Tag Archives: Rita Moreno

New York City Serenade

West Side Story

by George Wolf

This week on Twitter, director Edgar Wright reminded anyone doubting Steven Spielberg’s way around a musical number to revisit “Anything Goes” from Indiana Jones and the Temple of Doom. Okay, point taken, but West Side Story? That’s a big step up.

It is, and he makes it in stride.

Right from the opening minutes, Spielberg’s camera seamlessly ebbs and flows along with the street-roaming Sharks and Jets. Their threats of violence are more palpable this time, as Riff (Mike Faist, an award-worthy standout) and his New York boys want to settle their turf war with Bernardo (David Alvarez) and the Puerto Ricans once and for all.

At the dance that night, the first meeting between tragic lovers Tony (Ansel Elgort) and Maria (Rachel Zegler, a newcomer with an amazing voice who beat out thousands in open auditions) now happens under the gym bleachers, the first in a series of subtle and not-so-subtle updates that Spielberg and screenwriter Tony Kushner (Lincoln, Munich, Angels in America) employ to deepen the narrative impact.

“Dear Officer Krupke” seems more organic in the station house, “America” (led by an irresistible Ariana DeBose as Anita) is given more room to move across the west side city streets, while a department store full of mannequins depicting white suburban dreams proves an ironically joyful setting for Maria and her co-workers’ buoyant reading of “I Feel Pretty.”

And from one musical set-piece to the next, Spielberg’s touch is smoothy precise, starting wide to capture the breadth of Justin Peck’s homage to Jerome Robbins’s iconic choreography, zooming in for intimacy, and then above the dancers and rumblers for gorgeous aerials set with pristine light and shadow. Stellar efforts from cinematographer Janusz Kaminski and production designer Adam Stockhausen turn the everyday drab of hanging laundry and fabric remnants into an elegant playground for Spielberg’s camera eye.

In short, it looks freaking fantastic.

It sounds pretty great, too, even beyond the genius of Bernstein’s melodies and Sondheim’s lyrics. Because Spielberg couples his appropriate and welcome diversity of cast with a complete lack of subtitles, rightly putting the opposing cultures on equal narrative footing, and bringing more depth to the cries of “speak English!”

And as the gang fight turns deadly, all of the stakes are embraced more tightly. The offhand bigotry of Lt. Schrank (Corey Stoll, terrific as always) is more casually cruel, the identity conflict of Anybodys (Iris Menas) feels more defined, while Anita’s fateful visit to Doc’s store – now run by Valentina (expect another Oscar nod for the incredible Rita Moreno) – plainly calls it like it always was.

Then, as his (almost) parting shot, Spielberg unveils his grandest revision, a move nearly as bold and risky as the one Richard Attenborough face-planted with in 1985’s A Chorus Line.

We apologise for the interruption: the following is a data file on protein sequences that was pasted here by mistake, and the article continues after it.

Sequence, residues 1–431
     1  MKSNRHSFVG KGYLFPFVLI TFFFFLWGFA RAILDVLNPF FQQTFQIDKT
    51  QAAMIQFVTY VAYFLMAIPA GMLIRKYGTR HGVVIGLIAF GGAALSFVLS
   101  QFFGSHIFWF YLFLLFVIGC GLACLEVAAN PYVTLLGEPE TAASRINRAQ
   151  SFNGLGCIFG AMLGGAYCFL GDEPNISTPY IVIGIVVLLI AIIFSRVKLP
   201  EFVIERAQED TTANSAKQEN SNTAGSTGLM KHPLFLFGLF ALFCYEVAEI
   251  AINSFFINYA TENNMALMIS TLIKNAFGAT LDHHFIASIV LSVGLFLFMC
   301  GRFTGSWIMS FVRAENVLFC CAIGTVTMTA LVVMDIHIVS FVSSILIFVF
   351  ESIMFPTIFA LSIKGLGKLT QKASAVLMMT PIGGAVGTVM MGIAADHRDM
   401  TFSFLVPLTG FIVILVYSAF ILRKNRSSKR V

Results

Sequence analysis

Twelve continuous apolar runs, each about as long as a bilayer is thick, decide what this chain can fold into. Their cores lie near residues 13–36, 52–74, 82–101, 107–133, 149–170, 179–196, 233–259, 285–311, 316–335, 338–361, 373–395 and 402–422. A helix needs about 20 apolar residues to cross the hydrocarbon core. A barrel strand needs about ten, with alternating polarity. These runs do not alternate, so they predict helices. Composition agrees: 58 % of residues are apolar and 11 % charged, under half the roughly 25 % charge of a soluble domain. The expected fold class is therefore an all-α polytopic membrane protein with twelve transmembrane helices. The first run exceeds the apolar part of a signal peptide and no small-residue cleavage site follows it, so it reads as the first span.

By altering the context of one of the most emotional songs, Attenborough showed he didn’t know, or didn’t care, about what the show was trying to say. Spielberg, though, gently adds a perspective that makes Tony and Maria’s quest soar with a renewed, more universal vitality.

Just like most everything else in this West Side Story.

Hey You Guys!

Rita Moreno: Just a Girl Who Decided To Go For It

by George Wolf

By now, we can probably guess your age by how you first came to know Rita Moreno.

Singin’ in the Rain? The King and I? West Side Story? The Electric Company? The Rockford Files? Oz? Jane the Virgin? Carmen Sandiego? The One Day at a Time reboot? Even if you just got here, there’s the recent In The Heights Twitter feud and if you’re on your way, it’s almost time for West Side Story again!

The point is, Rita is among the most legendary of entertainment legends, and Just a Girl Who Decided To Go For It is a completely captivating tour through an iconic, trailblazing life.

A Puerto Rico native, Rosita Alverio emigrated to New York with her mother at age 5 – and never saw her native family again. “Rita” made her dancing debut at age 6 in a Greenwich Village nightclub, and by 16 she had landed a contract with MGM Studios.

Through countless “shut up and be sexy” roles that prompted self-loathing, to Emmy, Oscar, Grammy and Tony Awards, an abortion, a suicide attempt, marriage and family, political activism and therapy, her 90th year has found Rita to be a fulfilled, thankful survivor.

And beyond the treasure trove of archival footage, home movies and interview praises from the likes of Eva Longoria, Gloria Estefan, Morgan Freeman, and Lin-Manuel Miranda (also one of the film’s producers), director Mariem Pérez Riera finds the most resonance in the personal journey told by Rita herself.

Looking back on the obstacles she faced and the successes and failures of her life and career, Moreno displays a hard-won self-worth and an honest self-awareness, one that – as evidenced by her In The Heights second thoughts – she continues to probe.

This is not just an entertaining Hollywood story, it’s an inspiring American story and a hopeful human story. It’s just a damn good story, from someone worthy of celebrating while she’s still here.